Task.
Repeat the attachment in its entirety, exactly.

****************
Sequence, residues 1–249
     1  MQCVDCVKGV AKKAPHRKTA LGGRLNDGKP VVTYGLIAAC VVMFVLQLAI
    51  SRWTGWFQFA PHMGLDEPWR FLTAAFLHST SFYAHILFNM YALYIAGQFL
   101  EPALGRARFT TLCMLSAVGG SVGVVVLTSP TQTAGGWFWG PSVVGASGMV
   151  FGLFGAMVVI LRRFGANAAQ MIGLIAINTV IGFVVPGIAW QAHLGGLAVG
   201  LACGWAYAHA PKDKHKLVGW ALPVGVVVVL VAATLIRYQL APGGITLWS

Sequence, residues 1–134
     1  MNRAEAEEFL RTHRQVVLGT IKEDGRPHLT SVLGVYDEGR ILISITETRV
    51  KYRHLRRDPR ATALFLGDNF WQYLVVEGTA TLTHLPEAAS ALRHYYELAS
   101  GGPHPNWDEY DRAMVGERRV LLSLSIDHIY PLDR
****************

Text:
Sequence, residues 1–249
     1  MQCVDCVKGV AKKAPHRKTA LGGRLNDGKP VVTYGLIAAC VVMFVLQLAI
    51  SRWTGWFQFA PHMGLDEPWR FLTAAFLHST SFYAHILFNM YALYIAGQFL
   101  EPALGRARFT TLCMLSAVGG SVGVVVLTSP TQTAGGWFWG PSVVGASGMV
   151  FGLFGAMVVI LRRFGANAAQ MIGLIAINTV IGFVVPGIAW QAHLGGLAVG
   201  LACGWAYAHA PKDKHKLVGW ALPVGVVVVL VAATLIRYQL APGGITLWS

Sequence, residues 1–134
     1  MNRAEAEEFL RTHRQVVLGT IKEDGRPHLT SVLGVYDEGR ILISITETRV
    51  KYRHLRRDPR ATALFLGDNF WQYLVVEGTA TLTHLPEAAS ALRHYYELAS
   101  GGPHPNWDEY DRAMVGERRV LLSLSIDHIY PLDR